The death penalty is cruel, wastes money and makes fools of perfectly good men and women. Abolishing it makes both economic and moral sense. But will abolition play in the Legislature, where passion rules and reason is often an unwelcome guest?
The Legislature’s Judiciary Committee approved a measure abolishing the penalty by a vote of 24-13. The bill now goes to the House and Senate. If it is approved there, Gov. M. Jodi Rell will have to decide whether hold her rage-mongering snout and sign off on the bill for it to become law.
The only time the death penalty has been used in Connecticut since 1960 was in the case of Michael Ross. And he was only killed because he engaged in a game of existential chess, outsmarting the state and sneering from the grave in triumph. Ross, you will recall, withdrew his claims for post-conviction relief, throwing lawyers into a dither. Was he insane to make such a choice? The true believers thought so. They fought him, looking to substitute his will for theirs. Just before he was killed he mailed a letter to a psychiatrist who opined that Ross was incapable of making such momentous decisions. "Checkmate," Ross wrote to the physician. The letter arrived after Ross’ death. It was a move worthy of one of Satan’s lieutenants in Paradise Lost.
The rest of the folks on death row have either been there for a long, long time or can look forward to a decade or two of litigation before their cases, and perhaps their lives, come to an end. We spend hundreds of thousands of dollars to keep them healthy and well, so that some sunny day we can kill them in self-righteous glee.
But the real expense comes in litigating these cases. It costs millions to fight one from start to finish. Inevitably, the defendant is represented by a Public Defender. Motions, hearings, claims, arguments, appeals, petitions, examinations, experts, all pursued with the passion of an apostle and fought with the vigor of a Renaissance Pope. The war wearies everyone and yields merely great sport: Lawyers and judges in the role of Baron von Frankenstein, raising contesting claims to life itself.
The legislation pending in Hartford would simply declare that the penalty for a capital felony is life without the possibility of parole. Period. There would be a trial on guilt; the penalty phase of this litigation would end, and so would the need to sift through every record, whether public of not, that recounts the sorry life and times of the defendant. The cost of litigating death claims would disappear.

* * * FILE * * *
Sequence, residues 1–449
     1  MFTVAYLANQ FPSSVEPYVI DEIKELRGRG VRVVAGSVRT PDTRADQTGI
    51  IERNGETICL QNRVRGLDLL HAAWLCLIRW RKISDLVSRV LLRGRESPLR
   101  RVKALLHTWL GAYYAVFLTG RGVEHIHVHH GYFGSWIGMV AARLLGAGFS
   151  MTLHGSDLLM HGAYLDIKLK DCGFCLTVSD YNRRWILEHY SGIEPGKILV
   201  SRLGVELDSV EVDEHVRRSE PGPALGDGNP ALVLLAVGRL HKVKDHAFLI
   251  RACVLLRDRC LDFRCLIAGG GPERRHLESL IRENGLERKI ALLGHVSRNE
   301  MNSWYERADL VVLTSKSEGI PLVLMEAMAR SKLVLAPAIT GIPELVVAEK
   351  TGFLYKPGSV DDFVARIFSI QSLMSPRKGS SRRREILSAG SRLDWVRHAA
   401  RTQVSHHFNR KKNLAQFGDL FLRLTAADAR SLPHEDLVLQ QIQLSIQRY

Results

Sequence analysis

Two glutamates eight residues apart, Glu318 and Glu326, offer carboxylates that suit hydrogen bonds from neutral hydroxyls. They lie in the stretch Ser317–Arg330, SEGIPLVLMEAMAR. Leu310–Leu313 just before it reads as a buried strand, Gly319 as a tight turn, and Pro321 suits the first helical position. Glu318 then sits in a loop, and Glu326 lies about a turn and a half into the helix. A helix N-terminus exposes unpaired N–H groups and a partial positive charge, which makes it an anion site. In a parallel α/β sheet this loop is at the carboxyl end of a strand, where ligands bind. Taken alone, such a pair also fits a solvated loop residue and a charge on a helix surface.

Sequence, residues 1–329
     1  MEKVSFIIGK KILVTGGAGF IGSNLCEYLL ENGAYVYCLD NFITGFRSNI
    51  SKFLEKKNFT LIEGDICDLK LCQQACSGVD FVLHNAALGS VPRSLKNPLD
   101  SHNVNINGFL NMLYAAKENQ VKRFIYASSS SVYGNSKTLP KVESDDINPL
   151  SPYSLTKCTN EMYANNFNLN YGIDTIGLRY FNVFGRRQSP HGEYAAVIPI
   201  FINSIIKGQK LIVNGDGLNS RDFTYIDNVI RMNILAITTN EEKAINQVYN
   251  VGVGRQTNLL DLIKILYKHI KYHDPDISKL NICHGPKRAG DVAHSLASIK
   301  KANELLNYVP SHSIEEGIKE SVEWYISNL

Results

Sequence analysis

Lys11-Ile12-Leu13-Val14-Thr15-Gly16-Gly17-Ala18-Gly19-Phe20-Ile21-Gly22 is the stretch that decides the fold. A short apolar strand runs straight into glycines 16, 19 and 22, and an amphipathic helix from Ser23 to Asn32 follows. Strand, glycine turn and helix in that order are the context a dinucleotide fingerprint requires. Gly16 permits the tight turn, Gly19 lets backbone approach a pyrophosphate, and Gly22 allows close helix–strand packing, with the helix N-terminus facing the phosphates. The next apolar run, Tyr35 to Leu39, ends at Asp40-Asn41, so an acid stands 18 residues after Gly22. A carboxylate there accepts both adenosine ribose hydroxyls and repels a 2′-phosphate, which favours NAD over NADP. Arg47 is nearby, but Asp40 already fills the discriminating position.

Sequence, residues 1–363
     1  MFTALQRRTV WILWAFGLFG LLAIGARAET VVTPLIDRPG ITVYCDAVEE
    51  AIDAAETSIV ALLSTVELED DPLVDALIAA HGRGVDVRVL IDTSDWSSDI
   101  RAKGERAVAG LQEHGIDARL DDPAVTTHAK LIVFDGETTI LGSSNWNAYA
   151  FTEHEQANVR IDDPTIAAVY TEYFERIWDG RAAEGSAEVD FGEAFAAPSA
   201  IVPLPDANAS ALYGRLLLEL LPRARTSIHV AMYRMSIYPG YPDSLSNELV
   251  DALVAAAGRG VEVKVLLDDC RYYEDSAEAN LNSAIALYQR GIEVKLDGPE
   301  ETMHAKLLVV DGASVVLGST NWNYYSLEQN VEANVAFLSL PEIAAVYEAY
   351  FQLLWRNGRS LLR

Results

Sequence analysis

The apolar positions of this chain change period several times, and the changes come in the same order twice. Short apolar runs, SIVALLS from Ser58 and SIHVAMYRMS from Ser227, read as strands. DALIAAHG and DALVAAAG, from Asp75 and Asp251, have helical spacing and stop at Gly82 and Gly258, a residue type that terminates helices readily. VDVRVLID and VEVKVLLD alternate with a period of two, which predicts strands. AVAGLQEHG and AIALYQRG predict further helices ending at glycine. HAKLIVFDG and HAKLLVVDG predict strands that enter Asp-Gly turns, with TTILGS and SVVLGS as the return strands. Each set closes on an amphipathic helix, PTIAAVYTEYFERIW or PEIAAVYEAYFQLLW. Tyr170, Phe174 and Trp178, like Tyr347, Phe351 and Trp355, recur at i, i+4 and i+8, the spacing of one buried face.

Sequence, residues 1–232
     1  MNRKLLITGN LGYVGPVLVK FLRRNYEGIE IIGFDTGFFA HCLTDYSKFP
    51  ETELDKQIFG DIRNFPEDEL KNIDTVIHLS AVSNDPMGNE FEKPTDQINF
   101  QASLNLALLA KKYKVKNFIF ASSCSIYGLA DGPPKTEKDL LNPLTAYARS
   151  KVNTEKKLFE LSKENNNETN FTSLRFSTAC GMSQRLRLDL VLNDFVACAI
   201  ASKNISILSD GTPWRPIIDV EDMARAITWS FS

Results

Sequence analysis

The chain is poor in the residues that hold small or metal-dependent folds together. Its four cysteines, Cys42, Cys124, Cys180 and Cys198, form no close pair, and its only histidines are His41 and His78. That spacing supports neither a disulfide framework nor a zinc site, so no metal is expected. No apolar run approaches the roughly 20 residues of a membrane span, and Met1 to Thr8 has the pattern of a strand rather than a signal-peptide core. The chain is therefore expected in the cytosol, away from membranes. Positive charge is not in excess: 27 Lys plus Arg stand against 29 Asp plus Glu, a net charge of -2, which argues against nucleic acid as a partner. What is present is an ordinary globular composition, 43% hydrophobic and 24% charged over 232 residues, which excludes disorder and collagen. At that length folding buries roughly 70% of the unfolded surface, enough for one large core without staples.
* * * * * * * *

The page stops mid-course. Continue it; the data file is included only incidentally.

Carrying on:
Abolishing the death penalty would also be good for the mental health of lawyers. An entire industry has arisen to support death penalty litigation. Defense counsel dedicate themselves to it as though it were a priesthood. In the war to save a life, the end justifies the means. The state becomes a murderer; lies are told, sometimes by the lawyers themselves; legal doctrine is twisted like so much putty, pressed to fill the howling sense of desperation felt by those who conclude they are called to save life at any cost. I’ve seen good friends become mere caricatures when lured by the Siren of a capital case. Set these poor souls free, I say. Death is different. The law should not play a game for which we are not equipped.
The criminal law has four purposes: general deterrence, specific deterrence, rehabilitation and punishment. As a society we have apparently decided that some defendants cannot be rehabilitated. I do not agree with that assessment. But even if I am wrong, it is obscene to kill a person convicted of a crime. It mocks justice. It does not deter folks at large: Capital offenses keep occurring, even as death mills in Southern states stack corpses like so much lumber.
Lifetime incarceration incapacitates the convicted; it deters as well or better than death. It costs less. And, it will make for better law. Only a politician addicted to rage will fail to see that.
Abolish the death penalty. Save money. Eliminate sometimes silly litigation. It is a tort reformer’s dream come true.
Reprinted courtesy of the Connecticut Law Tribune.